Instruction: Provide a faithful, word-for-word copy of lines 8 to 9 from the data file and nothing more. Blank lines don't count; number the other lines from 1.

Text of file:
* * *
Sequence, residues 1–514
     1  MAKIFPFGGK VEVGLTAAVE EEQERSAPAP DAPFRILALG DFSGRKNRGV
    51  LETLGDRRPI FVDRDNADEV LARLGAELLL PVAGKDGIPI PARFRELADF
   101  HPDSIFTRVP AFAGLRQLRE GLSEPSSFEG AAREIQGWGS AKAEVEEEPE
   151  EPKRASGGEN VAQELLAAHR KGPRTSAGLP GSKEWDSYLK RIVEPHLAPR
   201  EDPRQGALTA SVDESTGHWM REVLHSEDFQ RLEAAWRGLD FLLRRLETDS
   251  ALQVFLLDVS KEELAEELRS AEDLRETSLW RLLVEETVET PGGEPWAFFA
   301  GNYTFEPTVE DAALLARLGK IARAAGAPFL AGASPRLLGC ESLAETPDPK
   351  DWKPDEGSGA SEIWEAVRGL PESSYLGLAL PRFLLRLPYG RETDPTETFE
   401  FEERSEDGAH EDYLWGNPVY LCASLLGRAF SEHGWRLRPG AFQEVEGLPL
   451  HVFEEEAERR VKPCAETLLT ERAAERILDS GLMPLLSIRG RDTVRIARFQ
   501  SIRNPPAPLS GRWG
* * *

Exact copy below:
   301  GNYTFEPTVE DAALLARLGK IARAAGAPFL AGASPRLLGC ESLAETPDPK
   351  DWKPDEGSGA SEIWEAVRGL PESSYLGLAL PRFLLRLPYG RETDPTETFE